Discount Rate Definition – Practical Example of Discount Rate and Discount Rate Formula


Discount Rate is the most common variable studied in the field of accountancy/business, as it encapsulates an interest rate marked over commercial banks and other financial institutions for the amount received on the behalf of Federal Reserve’s discount opening.

It’s the same rate, which finance professionals use while generating ‘discounted cash flow’ and it’s no different at all. A supreme benefit behind using ‘discount rate’ is its ability to evaluate the time value of money along with the ups and downs associated with future cash flows.

Who Else Use Discount Rate?

Even companies planning for pensions as well as insurance programs can create some positive effects over their liabilities through discount rate. It is mandatory that financial institutes and commercial banks follow the exact discount rate mentioned by the ‘Federal Reserve’ rather than depending on market rate of interest, which creates confusions and inaccuracies in the work.


The best example of ‘Discount Rate’ as per its analysis through ‘Discount Cash Flow’ would be an assumption of having $1000 in the account.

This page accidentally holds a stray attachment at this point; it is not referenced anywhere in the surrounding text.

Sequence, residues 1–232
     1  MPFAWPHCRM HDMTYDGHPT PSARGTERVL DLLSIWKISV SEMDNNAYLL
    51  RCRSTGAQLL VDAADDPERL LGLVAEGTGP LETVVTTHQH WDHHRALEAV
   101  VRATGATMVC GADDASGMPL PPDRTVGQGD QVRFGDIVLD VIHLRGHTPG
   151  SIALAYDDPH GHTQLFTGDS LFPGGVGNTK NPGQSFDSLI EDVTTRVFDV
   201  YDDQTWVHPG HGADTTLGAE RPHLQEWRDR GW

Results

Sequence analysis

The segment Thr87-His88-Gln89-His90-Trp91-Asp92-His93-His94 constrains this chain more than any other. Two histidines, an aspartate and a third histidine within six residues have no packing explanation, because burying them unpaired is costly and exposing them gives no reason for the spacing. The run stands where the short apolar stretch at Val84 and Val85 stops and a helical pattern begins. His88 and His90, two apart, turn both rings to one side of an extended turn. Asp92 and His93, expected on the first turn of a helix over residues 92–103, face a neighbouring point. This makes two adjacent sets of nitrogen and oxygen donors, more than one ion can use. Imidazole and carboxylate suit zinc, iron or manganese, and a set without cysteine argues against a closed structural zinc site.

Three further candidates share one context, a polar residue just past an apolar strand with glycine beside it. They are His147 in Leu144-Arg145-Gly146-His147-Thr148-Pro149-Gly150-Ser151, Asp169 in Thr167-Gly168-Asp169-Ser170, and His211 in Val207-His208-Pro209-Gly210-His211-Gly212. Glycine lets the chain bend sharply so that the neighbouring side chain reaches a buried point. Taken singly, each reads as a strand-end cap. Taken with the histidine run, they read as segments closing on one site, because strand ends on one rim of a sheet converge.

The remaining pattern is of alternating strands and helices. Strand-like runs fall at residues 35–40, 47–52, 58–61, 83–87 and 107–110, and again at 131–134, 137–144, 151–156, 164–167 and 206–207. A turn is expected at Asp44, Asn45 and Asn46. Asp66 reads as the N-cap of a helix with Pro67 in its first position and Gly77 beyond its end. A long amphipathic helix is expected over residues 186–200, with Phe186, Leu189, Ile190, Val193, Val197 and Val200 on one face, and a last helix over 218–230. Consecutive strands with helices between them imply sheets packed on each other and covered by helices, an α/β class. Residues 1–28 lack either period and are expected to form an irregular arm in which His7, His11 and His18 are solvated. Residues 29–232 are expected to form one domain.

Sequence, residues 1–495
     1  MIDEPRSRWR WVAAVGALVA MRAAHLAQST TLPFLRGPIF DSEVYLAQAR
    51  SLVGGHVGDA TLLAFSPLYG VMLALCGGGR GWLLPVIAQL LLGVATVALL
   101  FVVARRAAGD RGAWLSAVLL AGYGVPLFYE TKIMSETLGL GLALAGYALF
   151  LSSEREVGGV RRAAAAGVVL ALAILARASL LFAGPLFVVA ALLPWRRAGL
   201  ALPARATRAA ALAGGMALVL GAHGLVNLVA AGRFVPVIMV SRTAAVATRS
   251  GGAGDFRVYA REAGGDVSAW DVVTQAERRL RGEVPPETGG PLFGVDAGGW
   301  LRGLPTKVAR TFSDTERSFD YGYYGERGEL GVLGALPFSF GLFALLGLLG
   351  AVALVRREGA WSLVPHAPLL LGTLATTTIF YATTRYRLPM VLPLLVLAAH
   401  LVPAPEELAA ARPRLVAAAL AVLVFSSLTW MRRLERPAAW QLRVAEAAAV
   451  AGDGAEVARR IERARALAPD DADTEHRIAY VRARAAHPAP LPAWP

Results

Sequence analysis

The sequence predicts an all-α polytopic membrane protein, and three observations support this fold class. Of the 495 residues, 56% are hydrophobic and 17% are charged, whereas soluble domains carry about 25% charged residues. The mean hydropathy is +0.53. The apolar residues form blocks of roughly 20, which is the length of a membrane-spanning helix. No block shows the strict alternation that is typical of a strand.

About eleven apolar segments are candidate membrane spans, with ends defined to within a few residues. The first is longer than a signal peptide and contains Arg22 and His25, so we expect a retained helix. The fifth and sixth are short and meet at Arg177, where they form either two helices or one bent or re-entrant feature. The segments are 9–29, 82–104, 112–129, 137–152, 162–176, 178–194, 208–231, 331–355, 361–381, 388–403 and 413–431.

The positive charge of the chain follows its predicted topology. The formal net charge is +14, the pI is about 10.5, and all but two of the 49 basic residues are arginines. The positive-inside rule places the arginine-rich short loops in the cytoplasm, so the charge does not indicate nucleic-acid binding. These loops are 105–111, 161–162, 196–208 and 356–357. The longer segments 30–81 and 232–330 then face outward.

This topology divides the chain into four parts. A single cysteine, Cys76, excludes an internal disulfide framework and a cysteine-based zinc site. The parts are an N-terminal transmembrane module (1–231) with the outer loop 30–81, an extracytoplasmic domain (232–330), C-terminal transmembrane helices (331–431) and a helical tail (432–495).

In order to evaluate its genuine amount or the present value of what we have today, we must discount it with a specific amount of interest rate. Moving on with our assumptions: suppose, the discount rate is set to 10%, the amount of $1000 would convert into $909.09 in the spur of the moment.

The calculated amount went through a discount-rate formula which presented us the equation ‘(1,000 / [1.00 + 0.10])’ giving us a strong recommendation about the present value of $1000 in a year. We can calculate the desired present value on different amounts by rearranging the number of years and the discount rate in the equation, accordingly. Companies have exceeded the usage of the discount rate as it helps in calculating the present value of numerous variables in the business field.